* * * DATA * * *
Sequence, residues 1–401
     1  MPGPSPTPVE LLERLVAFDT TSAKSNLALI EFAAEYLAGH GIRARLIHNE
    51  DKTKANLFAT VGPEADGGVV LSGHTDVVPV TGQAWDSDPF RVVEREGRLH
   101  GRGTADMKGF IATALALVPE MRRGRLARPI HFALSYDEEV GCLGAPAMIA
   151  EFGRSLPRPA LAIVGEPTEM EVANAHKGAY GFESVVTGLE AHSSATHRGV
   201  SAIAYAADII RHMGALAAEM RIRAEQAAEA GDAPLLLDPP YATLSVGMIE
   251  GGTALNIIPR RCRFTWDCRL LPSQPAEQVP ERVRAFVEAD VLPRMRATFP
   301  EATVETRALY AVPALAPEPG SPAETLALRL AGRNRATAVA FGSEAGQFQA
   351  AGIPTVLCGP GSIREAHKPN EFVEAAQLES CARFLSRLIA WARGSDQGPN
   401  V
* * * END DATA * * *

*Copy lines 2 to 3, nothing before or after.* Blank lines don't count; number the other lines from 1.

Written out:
     1  MPGPSPTPVE LLERLVAFDT TSAKSNLALI EFAAEYLAGH GIRARLIHNE
    51  DKTKANLFAT VGPEADGGVV LSGHTDVVPV TGQAWDSDPF RVVEREGRLH